A Busy Season for the Seamus Heaney Centre’s Children’s Writing Fellow
The Seamus Heaney Centre’s Children’s Writing Fellow for 2022-23, Paul Howard, has been on a busy autumn schools tour. Over the past few weeks he has been working with around 200 young readers and writers in schools around the north east.
The autumn and winter months saw Paul visit 25 schools and youth centres, from Randalstown to Rathlin, meeting with more than 1,000 children to help them tell their stories, and to instil a love of reading and writing. This included an event in the Seamus Heaney HomePlace in Bellaghy over the Halloween break, and a new partnership with Burnavon Arts & Cultural Centre to deliver Paul’s workshops in special education schools and learning units in rural areas.
These autumn activities follow on from an equally busy series of story-building workshops in schools earlier in the year, during which Paul worked directly with 1,434 young people in 14 schools around Northern Ireland. Many of these classes had never had artists or writers visiting before.
The Children's Writing Fellowship was created as part of Queen’s University and the Arts Council of Northern Ireland's (ACNI) joint ten-year Seamus Heaney Legacy project supported by the Atlantic Philanthropies.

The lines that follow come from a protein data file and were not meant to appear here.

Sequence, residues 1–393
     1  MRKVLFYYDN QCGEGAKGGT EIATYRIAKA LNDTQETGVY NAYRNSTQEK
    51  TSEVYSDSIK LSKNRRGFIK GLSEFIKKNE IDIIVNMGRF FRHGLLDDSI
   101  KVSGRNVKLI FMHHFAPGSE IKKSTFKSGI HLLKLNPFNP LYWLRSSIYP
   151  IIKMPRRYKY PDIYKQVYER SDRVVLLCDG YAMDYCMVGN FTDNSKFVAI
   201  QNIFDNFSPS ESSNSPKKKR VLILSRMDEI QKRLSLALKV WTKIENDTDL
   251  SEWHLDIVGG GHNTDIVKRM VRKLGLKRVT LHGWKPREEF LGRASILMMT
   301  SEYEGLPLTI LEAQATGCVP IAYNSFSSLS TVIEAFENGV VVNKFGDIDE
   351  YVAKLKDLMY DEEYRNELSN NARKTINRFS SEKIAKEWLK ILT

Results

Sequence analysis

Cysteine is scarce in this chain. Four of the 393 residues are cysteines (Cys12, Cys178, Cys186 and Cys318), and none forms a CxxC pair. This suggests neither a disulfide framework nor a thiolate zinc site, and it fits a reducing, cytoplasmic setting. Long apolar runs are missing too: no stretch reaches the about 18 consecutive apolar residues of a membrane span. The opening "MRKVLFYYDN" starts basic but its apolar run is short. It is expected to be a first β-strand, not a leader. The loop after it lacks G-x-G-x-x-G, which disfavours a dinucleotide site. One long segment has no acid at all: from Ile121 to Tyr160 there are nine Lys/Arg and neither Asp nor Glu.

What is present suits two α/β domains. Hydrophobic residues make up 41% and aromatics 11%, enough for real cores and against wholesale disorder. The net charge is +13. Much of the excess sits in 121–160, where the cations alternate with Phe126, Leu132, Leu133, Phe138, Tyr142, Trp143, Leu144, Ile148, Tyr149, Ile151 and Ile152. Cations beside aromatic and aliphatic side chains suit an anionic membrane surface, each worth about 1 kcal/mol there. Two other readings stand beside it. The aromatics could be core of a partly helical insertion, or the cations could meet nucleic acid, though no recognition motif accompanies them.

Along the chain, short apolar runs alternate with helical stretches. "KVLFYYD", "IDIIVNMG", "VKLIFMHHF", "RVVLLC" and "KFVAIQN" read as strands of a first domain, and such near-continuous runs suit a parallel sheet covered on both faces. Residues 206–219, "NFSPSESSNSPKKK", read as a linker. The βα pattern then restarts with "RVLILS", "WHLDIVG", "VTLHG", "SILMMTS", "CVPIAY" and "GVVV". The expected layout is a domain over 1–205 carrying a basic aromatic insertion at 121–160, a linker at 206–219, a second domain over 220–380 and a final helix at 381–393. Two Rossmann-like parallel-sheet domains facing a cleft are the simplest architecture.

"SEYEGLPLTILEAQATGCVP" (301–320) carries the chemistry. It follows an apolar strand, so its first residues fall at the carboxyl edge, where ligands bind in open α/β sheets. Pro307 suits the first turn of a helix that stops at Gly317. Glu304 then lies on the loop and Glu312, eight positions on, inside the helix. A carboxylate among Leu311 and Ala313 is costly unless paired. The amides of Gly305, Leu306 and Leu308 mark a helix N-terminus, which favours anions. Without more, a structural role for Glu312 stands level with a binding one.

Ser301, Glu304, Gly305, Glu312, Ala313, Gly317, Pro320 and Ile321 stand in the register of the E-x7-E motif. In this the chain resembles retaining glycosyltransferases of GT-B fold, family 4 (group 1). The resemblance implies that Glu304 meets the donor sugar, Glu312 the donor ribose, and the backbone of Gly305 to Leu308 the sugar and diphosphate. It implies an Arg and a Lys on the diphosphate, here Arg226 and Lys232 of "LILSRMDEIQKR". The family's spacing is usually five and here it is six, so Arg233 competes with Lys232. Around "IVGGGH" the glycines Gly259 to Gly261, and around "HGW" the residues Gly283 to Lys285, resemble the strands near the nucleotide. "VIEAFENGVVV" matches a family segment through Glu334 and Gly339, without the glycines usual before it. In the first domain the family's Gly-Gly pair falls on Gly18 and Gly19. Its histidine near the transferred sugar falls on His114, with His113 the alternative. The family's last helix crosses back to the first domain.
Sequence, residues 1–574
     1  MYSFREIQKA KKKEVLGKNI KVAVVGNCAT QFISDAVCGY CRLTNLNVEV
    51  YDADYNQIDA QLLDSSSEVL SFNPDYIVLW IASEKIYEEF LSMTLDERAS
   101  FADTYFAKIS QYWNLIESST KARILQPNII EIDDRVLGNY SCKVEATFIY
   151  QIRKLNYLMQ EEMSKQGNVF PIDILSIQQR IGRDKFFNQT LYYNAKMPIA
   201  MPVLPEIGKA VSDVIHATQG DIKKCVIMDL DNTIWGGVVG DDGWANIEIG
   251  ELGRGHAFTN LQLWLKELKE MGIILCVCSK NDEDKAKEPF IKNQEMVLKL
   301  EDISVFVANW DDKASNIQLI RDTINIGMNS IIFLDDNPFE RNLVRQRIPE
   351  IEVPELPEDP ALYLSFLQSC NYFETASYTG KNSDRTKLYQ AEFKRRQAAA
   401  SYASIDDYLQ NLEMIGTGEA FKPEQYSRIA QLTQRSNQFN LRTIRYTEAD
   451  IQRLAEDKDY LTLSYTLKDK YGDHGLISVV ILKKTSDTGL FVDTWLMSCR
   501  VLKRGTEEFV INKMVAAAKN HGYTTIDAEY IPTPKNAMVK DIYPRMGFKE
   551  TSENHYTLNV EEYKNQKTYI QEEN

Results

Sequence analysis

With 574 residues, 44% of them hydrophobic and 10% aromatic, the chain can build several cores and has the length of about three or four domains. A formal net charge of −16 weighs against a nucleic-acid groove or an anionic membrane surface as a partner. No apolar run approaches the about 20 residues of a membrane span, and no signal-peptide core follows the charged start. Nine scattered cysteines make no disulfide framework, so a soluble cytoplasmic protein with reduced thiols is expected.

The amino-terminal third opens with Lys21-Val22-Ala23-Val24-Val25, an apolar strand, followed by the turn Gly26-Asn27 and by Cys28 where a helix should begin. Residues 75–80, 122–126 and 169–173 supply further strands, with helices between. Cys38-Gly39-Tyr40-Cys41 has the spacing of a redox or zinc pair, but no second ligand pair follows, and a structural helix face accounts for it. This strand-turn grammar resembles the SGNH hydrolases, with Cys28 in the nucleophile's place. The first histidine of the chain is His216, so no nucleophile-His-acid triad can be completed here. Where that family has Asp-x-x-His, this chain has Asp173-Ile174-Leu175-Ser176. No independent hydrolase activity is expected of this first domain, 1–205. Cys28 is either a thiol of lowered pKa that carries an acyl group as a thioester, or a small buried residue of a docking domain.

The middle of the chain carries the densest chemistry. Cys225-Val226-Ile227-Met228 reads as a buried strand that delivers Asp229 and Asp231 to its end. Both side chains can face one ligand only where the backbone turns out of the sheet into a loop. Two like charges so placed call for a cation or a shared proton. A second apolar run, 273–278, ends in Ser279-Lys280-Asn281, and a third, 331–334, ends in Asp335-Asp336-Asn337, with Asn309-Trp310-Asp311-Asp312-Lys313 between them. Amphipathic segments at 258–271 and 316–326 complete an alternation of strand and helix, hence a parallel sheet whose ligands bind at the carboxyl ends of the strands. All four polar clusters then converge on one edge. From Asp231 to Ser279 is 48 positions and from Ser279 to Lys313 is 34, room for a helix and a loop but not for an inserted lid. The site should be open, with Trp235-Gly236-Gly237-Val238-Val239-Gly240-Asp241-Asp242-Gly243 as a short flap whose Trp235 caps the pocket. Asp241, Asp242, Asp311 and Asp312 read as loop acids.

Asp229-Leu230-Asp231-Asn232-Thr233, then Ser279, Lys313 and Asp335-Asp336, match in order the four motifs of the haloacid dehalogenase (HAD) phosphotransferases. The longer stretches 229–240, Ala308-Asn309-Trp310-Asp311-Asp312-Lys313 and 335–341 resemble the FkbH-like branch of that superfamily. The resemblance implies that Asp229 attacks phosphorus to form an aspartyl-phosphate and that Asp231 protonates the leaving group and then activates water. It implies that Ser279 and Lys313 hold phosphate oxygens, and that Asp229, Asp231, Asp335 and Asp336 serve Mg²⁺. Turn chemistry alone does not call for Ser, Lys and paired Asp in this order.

Paul Howard is an award-winning children’s author and illustrator, best known for illustrating Jill Tomlinson’s classic The Owl Who was Afraid of the Dark and The Burpee Bears, a new picture book series from Joe Wicks. He has collaborated with some of the greats of children’s literature such as Allan Ahlberg, Michael Rosen, Anne Fine, Trish Cooke, Martin Waddell and John Boyne, and won numerous awards including a Blue Peter Award for The Bravest Ever Bear and The Primary English Award for The Year in the City. He publishes his own young fiction and picture books, most recently 1,2, BOO! for Bloomsbury.
For more information on previous Fellows and other Seamus Heaney Centre projects, visit the website here.
“The children were absolutely buzzing with ideas and enthusiasm throughout his sessions and have left with their own great (and slightly bonkers) ideas for their own sequels and plots to carry on with now! :)
It was a great lesson for us as teachers too, as he spun the idea of story writing and illustrating around for us. Often in schools, the teaching of writing involves ideas being written down first, with illustrations following on, but Paul started by turning the children's ideas into images, and from there the sentence building flowed. This was a great way to go about things, as it was far less threatening for children who find writing daunting, or a challenge. This was far more freeing and involved pupils of all abilities to shine.”
- Brooklands Primary School